alexa Histopathological Study of Time Course Changes in Obstructed Lymphatic Vessels in Rats | Open Access Journals
ISSN: 2161-1076
Surgery: Current Research
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Histopathological Study of Time Course Changes in Obstructed Lymphatic Vessels in Rats

Fusa Ogata* and Isao Koshima

Plastic and Reconstructive Surgery, Graduated School of Medicine University of Tokyo, Japan

*Corresponding Author:
Fusa Ogata
Department of Plastic and Reconstructive Surgery
University of Tokyo, 7-3-1
Hongo, Bunkyo-ku, Tokyo 113-0033, Japan
Tel: +81-3-5800-5670
Fax: +81-3-5800-5929
E-mail: [email protected]

Received date: June 18, 2013; Accepted date: August 22, 2013; Published date: August 30, 2013

Citation: Ogata F, Koshima I (2013) Histopathological Study ff Time Course Changes in Obstructed Lymphatic Vessels in Rats. Surgery Curr Res 3:143. doi:10.4172/2161-1076.1000143

Copyright: © 2013 Ogata F, et al. This is an open-access article distributed under the terms of the Creative Commons Attribution License, which permits unrestricted use, distribution, and reproduction in any medium, provided the original author and source are credited.

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Abstract

Background: Lymphedema is a progressive accumulation of protein-rich fluid in the interstitial space of the skin, resulting from an anatomic or functional obstruction in the lymphatic system. Currently effective therapies for this disease are little known. We have been using surgical treatment, lymphaticovenular anastomoses, for patients and experienced some cases that improved dramatically and did not require the use of stockings and massages for more than ten years after surgery.

Methods: We investigated transitional morphological changes in lymphatic obstructed models by electron microscopy with focus on lymphatic smooth muscle cells after experimentally lymphatic vessel occlusion.

Results: We observed interesting dramatic alterations in obstructed lymphatic smooth muscle cells at different times.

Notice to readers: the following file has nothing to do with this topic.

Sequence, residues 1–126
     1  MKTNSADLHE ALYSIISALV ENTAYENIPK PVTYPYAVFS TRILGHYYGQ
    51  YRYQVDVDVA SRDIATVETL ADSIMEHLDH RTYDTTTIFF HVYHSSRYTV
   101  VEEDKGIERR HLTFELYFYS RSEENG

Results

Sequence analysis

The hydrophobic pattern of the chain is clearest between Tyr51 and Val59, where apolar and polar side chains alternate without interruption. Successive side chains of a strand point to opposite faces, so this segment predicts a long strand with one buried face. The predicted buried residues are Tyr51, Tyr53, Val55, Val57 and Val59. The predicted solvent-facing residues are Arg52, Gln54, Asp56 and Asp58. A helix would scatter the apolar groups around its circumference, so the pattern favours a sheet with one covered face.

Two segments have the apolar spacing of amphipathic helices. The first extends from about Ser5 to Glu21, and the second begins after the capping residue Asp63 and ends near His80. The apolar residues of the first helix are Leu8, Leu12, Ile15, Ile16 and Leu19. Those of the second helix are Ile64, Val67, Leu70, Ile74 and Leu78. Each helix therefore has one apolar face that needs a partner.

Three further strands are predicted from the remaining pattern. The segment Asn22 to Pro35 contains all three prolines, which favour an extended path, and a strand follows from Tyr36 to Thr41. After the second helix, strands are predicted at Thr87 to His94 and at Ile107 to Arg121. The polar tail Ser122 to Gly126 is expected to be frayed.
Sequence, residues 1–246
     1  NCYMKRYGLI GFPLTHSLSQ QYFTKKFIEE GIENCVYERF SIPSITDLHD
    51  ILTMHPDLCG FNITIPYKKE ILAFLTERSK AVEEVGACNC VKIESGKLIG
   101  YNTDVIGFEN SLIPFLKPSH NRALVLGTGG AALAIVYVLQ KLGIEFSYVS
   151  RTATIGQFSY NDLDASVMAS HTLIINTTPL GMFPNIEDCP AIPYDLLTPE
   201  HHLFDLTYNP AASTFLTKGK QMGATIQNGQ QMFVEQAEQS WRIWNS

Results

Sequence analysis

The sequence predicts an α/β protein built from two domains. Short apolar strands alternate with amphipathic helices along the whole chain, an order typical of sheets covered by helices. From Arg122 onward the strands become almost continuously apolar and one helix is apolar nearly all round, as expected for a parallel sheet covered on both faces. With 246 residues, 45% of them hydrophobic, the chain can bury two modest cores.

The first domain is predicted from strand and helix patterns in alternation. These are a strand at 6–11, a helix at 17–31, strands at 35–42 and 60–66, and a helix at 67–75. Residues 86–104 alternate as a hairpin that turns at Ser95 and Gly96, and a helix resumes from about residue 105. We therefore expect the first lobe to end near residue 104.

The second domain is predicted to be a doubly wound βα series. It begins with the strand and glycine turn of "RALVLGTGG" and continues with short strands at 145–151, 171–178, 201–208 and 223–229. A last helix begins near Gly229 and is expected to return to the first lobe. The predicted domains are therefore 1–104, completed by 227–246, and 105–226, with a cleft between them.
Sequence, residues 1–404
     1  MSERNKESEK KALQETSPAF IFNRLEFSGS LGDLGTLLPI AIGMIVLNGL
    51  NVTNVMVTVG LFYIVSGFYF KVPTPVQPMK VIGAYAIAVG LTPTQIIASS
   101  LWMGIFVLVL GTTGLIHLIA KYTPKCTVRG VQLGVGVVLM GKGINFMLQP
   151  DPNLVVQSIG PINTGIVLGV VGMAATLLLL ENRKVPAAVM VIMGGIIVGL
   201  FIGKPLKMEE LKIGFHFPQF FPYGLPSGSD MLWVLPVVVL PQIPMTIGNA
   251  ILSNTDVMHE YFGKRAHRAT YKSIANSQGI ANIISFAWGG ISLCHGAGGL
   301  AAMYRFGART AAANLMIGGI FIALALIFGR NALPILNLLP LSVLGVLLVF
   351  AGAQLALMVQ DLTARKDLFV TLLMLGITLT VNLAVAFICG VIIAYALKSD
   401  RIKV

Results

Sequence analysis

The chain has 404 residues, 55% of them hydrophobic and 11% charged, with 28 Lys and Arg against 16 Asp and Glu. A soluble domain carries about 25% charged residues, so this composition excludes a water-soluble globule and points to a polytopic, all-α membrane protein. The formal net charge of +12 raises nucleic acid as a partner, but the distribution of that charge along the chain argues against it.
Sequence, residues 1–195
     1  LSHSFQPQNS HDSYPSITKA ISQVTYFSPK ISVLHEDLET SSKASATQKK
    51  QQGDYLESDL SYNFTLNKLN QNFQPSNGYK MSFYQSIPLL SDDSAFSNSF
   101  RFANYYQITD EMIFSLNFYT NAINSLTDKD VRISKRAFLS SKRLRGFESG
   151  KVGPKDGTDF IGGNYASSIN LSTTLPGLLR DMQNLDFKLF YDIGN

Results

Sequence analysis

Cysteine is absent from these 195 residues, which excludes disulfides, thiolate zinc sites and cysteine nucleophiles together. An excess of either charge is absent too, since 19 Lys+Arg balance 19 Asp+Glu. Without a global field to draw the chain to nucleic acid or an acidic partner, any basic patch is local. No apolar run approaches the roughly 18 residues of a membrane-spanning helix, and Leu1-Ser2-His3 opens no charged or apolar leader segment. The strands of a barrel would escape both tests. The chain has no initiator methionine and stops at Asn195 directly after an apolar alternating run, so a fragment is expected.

Conclusion: These results suggest possibilities for the diversity of lymphatic smooth muscle cells.

Introduction

Lymph edema is a chronic debilitating disease that results from impairment of the lymphatic system. There are various causes of lymphatic system impairment, including congenital lymphatic anomaly, infection, lymphatic injury, and surgery. We have been using surgical treatment, lymphaticovenular anastomoses, for patients with severe edema who show little improvement with conservative treatment using an elastic stocking and/or elastic bandage [1-3]. We experienced some cases that improved dramatically and did not require the use of stockings and massages for more than ten years after surgery (data not shown). It is not clear whether it depends on the lymphatic functional regeneration by our treatments, the lymphatic compensation mechanism by residual lymphatic system or others.

In this study, we investigated transitional morphological changes in lymphatic obstructed models by electron microscopy with focus on Lymphatic Smooth Muscle Cells (LSMCs) after experimentally lymphatic vessel occlusion. As for the current studies of lymphatic system, cancer research-related lymph angiogenesis, the metastatic spread, drug discovery and so on are done flourishingly in various fields. In the 1990s, the discovery of the Vascular Endothelial Growth Factor (VEGF) family of proteins played a crucial role in lymphatic research. The receptor VEGF-3 and its ligands, VEGF-C and VEGF-D, were soon identified and they promote lymph angiogenesis by activating the VEGF receptor-3, which is expressed on lymphatic endothelial cells [4-9]. The current focus of lymphatic research is lymphatic endothelial cells. We targeted LSMCs, which are novel approach. This is the first study to demonstrate transitional histopathological changes in LSMCs, and we hypothesized that lymphatic function which had been extinct once would regenerate.